Holden made a fair bit of fuss about the new Trailblazer when the model made its appearance on these shores late last year. Far from just being an update of the Colorado 7, the seven-seater was touted as the perfect companion for a family who loved adventure, a heady mix of space, comfort, off-road prowess and on-road manners.
Sceptics dismissed the marketing script as just that, nothing more than a ploy to dress up a name change as something much grander than it was. That is hardly surprising given the long list of vehicles that fail to live up to their promise, but the Trailblazer has been quick to prove that it is indeed an improvement on its predecessor, with changes that are, well, more than name deep.
Big, chunky ute-based utes are generally not whip around head turners and the Trailblazer is no different. New headlamps with integrated LED running lights and a modernised grille and bonnet first seen in the updated Colorado ute are the most noticeable exterior changes. The design is more about rugged capability than sweeping flowing lines with dramatic finesse but it works for the Trailblazer.
PRACTICALITY AND SPACE
It is on the inside that the biggest departure from the Colorado 7 is to be seen with a new dashboard design that features better quality soft-touch materials and well-placed buttons and dials.
Our LTZ-spec test car boasted an eight-inch colour touchscreen as the face of an infotainment system which now offers Apple CarPlay and Android Auto sitting proudly next to a new streamlined instrument cluster with a larger LCD information display. While they work well, and let’s face it, more than a small improvement on what came before, they still seem a bit small for a vehicle of this size and are easily lost in the dark dash.
The front seats are comfortable despite their slightly flattish look and lodgings for passengers in the second and third rows are not without their highlights either.
Head and legroom back there is more than passable except for the tallest of passengers and a 60:40 tumble forward second pew makes access to the third row doable for adults, not pretty mind you, but possible.
There is good useable storage in the door bins and a few conveniently placed hidey holes to carry all those necessities families seem to need these days but the boot is just 235-litres, a touch on the small side, with all seven seats in use.
The Trailblazer comes well equipped with the features we now expect as given. Aside from a good infotainment system, reverse camera and sensors, it also has electrically adjustable front seats, climate control vents across all three rows, rain-sensing wipers, and auto headlights.
A powered tailgate would also be nice given the weight and height of the boot lid.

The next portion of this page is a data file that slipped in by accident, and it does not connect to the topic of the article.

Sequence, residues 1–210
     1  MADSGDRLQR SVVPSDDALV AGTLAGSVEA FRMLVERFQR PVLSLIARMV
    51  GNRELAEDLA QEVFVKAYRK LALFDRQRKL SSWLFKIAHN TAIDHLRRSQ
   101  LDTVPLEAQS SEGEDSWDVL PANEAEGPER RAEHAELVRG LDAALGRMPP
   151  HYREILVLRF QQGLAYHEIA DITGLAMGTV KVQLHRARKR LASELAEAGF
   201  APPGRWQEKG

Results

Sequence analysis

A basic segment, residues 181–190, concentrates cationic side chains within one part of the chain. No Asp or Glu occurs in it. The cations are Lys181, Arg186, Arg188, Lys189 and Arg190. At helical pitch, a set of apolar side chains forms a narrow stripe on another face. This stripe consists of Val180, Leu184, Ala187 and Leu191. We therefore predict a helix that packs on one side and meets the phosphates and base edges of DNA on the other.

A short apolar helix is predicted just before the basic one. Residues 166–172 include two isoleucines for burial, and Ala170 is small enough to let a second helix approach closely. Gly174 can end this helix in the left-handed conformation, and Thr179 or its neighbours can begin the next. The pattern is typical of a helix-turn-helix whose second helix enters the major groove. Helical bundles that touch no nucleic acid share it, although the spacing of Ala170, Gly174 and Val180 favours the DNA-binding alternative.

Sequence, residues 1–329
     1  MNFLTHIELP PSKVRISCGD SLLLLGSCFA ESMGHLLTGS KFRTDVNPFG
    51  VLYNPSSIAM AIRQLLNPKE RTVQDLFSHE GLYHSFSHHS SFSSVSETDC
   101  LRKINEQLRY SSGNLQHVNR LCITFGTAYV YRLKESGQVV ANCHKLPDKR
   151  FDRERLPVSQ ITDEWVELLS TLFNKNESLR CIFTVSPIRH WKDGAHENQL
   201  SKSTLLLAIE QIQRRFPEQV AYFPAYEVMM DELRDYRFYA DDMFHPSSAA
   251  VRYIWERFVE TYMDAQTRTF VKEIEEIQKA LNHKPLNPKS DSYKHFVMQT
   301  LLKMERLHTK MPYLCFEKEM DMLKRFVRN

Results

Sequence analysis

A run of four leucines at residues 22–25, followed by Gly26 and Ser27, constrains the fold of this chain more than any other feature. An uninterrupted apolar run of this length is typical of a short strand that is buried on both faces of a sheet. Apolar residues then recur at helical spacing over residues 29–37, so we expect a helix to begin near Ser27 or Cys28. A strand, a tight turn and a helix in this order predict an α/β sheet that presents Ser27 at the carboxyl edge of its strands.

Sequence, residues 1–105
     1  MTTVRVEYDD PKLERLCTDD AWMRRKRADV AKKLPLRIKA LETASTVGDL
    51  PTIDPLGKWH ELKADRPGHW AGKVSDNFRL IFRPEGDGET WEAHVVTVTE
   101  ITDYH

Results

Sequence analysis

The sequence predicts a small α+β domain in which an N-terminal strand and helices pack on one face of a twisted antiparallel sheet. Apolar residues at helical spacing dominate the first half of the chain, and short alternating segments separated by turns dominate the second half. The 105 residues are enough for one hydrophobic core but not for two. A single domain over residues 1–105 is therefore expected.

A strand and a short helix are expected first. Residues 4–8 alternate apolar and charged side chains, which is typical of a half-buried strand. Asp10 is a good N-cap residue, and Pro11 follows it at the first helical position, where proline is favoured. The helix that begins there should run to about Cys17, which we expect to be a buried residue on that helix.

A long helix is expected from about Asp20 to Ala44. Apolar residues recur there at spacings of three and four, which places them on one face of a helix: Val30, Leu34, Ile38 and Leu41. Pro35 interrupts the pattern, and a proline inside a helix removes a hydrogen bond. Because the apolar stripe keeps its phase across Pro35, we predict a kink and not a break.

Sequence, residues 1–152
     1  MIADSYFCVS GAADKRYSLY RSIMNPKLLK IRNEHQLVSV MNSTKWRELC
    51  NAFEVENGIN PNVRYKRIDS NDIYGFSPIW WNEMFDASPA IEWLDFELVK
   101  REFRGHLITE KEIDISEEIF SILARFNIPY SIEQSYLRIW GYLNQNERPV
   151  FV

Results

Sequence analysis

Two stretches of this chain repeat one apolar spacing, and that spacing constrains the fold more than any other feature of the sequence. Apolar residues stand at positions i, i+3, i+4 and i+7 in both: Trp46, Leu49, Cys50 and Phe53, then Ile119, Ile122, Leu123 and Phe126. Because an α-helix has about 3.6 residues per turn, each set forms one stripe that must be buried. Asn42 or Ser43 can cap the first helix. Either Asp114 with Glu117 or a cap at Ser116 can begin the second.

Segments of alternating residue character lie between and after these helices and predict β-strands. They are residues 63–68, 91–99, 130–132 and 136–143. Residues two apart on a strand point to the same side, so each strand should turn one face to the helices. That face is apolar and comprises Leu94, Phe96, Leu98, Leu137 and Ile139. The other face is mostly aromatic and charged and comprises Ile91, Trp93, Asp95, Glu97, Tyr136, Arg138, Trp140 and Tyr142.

There’s a raft of safety gear to justify a five-star ANCAP rating. The latter includes seven airbags, lane departure control and blind spot monitoring as well as rear cross traffic alert but no autonomous emergency braking.
UNDER THE BONNET
There is no change to the spec of the 2.8-litre turbo-diesel engine but when you have a unit that produces a class-leading 500Nm and 147kW, more than enough to honour a 3000kg braked towing rating, there is hardly a need for change.
Refinement to the engine and six-speed automatic gearbox has resulted in a quieter, more fuel-efficient performance and a smoother, more accomplished ride.
HOW DOES IT DRIVE?
The Trailblazer may strut and growl like a truck but it certainly doesn’t handle like one. The new electric steering dulls the feeling of the wheel in your hand but it helps to navigate around tight city confines, roundabouts and parking spaces.
The seven-seater is easy to drive, the raised seating position offering excellent visibility and the powerful engine urging it along even when packed to the rafters.
There is a bit of lag before the peak pulling power kicks in around 2000 rpm which is easy enough to live with but important to keep in mind when attempting sudden overtaking or merging manoeuvres. It settles down nicely at speed though.
Trailblazer is untroubled by most road irregularities and will deliver an honest, mostly comfortable drive provided of course you are not overzealous around corners or expecting quick changes of direction.
Off road, the Trailblazer with its on-the-fly 4WD system, behaves much in the same way as the Colorado 7, capable and assured without being amazing. It will hold its own on secondary roads and will be great at recreational 4WD use but may struggle on the road never travelled.
The Trailblazer is more efficient than the vehicle it replaces, thanks to improved fuel mapping and changes to the transmission and steering. The official combine-cycle figures dropped from 9.2L/100km to 8.2L/100km with our real-world figures around the 10.4L/100km which is good enough for a trooper of this size.
Warranty is three years/100,000km with a lifetime capped-price servicing program (9 months/15,000km) and 12 months roadside assist.
Ute-based SUVs are often a niche offering and Holden’s best will face tough competition from the Ford Everest, Toyota Fortuner, Isuzu MU-X and Mitsubishi Pajero Sport. However, the Trailblazer is a marked improvement on the Colorado 7 and an example of how change can be more than a marketing ploy. An improved cabin, more refined ride and versatility make it a real value-for-money proposition.
AT A GLANCE
2017 Holden Trailblazer LTZ pricing and specifications: Price: $52,490 (plus on-road costs) Engine: 2.8-litre four-cylinder turbo-diesel Output: 147kW/500Nm Transmission: Six-speed automatic Fuel: 8.6L/100km (ADR Combined) CO2: 228g/km (ADR Combined) Safety Rating: Five-star ANCAP